Can you help me evaluate Judah HaLevi’s “Kuzari” argument for the authenticity of the Jewish Tradition? If you’ve not heard of it, I am happy to offer an imperfect synopsis, but you’re better off consulting some more reliable sources (see below).
The Kuzari, in a nutshell: If public miracles (e.g., manna of Exodus 16) had occurred, they would have left behind a huge amount of accessible evidence. Therefore, had the miracles not occurred, an entire generation of Jews (millions of people) would never have been duped into believing that they did. Therefore, since virtually the entire Jewish people (along with the Christians and Moslems, presumably) *do* believe those miracles occurred, the only explanation is that they must have occurred.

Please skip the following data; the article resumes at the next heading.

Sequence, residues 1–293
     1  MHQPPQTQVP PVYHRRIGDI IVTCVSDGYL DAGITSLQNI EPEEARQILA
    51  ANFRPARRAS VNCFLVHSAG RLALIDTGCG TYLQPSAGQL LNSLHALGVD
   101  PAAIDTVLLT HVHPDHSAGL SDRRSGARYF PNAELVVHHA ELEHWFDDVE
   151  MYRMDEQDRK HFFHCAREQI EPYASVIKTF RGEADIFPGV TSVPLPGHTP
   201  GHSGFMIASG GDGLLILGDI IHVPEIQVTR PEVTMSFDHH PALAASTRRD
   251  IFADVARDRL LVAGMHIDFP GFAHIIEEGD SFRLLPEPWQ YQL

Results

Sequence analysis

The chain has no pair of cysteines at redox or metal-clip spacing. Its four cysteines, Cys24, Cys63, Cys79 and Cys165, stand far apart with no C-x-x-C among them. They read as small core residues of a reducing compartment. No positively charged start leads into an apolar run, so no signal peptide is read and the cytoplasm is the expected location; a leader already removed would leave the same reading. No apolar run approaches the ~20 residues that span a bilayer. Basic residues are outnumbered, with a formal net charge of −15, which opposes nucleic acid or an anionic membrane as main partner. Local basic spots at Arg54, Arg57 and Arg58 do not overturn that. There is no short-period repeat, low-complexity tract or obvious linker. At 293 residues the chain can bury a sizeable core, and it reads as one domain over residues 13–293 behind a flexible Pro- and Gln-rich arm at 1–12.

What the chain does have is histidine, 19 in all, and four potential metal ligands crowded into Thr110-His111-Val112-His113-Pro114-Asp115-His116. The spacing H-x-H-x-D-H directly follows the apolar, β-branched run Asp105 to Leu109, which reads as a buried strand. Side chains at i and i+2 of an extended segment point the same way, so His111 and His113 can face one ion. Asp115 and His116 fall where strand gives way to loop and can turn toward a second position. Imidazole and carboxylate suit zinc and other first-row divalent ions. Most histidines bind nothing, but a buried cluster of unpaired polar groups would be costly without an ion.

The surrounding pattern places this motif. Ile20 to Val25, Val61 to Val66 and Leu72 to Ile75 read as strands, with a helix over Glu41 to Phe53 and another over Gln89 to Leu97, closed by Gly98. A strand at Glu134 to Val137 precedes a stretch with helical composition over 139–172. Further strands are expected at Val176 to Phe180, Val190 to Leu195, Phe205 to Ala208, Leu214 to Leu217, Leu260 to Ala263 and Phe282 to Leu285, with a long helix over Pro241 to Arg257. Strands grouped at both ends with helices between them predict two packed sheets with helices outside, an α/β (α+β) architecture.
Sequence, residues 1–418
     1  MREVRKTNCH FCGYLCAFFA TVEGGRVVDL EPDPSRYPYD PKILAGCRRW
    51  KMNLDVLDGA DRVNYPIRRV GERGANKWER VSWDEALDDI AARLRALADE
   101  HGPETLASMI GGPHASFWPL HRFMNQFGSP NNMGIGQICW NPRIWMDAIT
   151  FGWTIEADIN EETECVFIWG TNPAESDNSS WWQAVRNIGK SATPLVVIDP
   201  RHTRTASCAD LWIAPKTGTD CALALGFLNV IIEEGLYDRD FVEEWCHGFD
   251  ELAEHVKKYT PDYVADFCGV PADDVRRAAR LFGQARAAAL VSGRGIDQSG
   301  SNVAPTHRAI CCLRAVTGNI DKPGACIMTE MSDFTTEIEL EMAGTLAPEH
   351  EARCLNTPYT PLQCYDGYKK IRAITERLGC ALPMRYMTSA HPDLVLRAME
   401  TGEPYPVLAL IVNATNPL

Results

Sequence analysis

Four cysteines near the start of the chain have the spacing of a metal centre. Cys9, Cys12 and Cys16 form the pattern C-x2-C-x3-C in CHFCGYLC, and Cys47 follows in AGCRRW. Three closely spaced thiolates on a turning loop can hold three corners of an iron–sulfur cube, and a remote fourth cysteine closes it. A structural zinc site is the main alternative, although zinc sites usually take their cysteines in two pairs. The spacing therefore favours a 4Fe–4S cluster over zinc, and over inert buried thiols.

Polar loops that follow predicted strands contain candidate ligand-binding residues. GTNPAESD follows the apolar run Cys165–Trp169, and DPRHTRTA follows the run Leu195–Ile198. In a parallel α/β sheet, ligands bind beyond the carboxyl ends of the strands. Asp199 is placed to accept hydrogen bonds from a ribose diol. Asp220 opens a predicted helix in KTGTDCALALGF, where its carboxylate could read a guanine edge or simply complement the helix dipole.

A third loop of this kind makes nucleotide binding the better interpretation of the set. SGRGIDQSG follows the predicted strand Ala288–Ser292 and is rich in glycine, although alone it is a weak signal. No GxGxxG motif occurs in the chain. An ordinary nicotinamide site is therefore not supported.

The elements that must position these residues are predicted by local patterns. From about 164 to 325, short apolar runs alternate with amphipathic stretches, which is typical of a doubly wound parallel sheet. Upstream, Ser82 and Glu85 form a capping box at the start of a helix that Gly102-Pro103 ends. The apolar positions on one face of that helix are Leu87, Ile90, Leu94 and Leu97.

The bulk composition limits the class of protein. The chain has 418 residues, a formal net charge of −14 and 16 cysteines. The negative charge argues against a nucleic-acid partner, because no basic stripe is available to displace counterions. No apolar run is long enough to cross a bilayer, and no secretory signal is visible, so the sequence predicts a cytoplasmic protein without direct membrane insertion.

The argument is problematic for a number of reasons, but let me concentrate on one aspect. You say that "virtually the entire Jewish people (along with the Christians and Moslems, presumably) *do* believe those miracles occurred". But do they, and in what sense? There are certainly accounts of such events in the Jewish bible, and the question arises whether they are to be taken literally or not. Some Jews certainly do take them literally, but many don't. Many of the major Jewish thinkers like Maimonides tended to link miracles with nature, arguing that the world's natural structure as a whole is a miracle, and what seem to us to be individual miracles are merely ill-understood natural events. The fact that many people at the time believed that what they were experiencing were individual miracles, if that is how they interpreted their experience, is no sort of evidence that they were right at all.